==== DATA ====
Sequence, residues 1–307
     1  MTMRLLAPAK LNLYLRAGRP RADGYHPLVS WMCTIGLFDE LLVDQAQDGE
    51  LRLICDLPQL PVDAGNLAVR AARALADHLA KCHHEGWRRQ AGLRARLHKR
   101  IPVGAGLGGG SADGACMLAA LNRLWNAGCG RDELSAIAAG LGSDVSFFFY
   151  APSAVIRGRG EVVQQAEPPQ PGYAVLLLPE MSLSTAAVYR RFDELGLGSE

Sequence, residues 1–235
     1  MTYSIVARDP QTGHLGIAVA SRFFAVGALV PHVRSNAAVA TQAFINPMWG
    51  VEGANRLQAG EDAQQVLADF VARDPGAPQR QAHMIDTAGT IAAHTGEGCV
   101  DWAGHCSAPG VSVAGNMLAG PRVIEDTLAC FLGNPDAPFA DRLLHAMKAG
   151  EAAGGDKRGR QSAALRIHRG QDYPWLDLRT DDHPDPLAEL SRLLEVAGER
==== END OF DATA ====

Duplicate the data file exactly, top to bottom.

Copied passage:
Sequence, residues 1–307
     1  MTMRLLAPAK LNLYLRAGRP RADGYHPLVS WMCTIGLFDE LLVDQAQDGE
    51  LRLICDLPQL PVDAGNLAVR AARALADHLA KCHHEGWRRQ AGLRARLHKR
   101  IPVGAGLGGG SADGACMLAA LNRLWNAGCG RDELSAIAAG LGSDVSFFFY
   151  APSAVIRGRG EVVQQAEPPQ PGYAVLLLPE MSLSTAAVYR RFDELGLGSE

Sequence, residues 1–235
     1  MTYSIVARDP QTGHLGIAVA SRFFAVGALV PHVRSNAAVA TQAFINPMWG
    51  VEGANRLQAG EDAQQVLADF VARDPGAPQR QAHMIDTAGT IAAHTGEGCV
   101  DWAGHCSAPG VSVAGNMLAG PRVIEDTLAC FLGNPDAPFA DRLLHAMKAG
   151  EAAGGDKRGR QSAALRIHRG QDYPWLDLRT DDHPDPLAEL SRLLEVAGER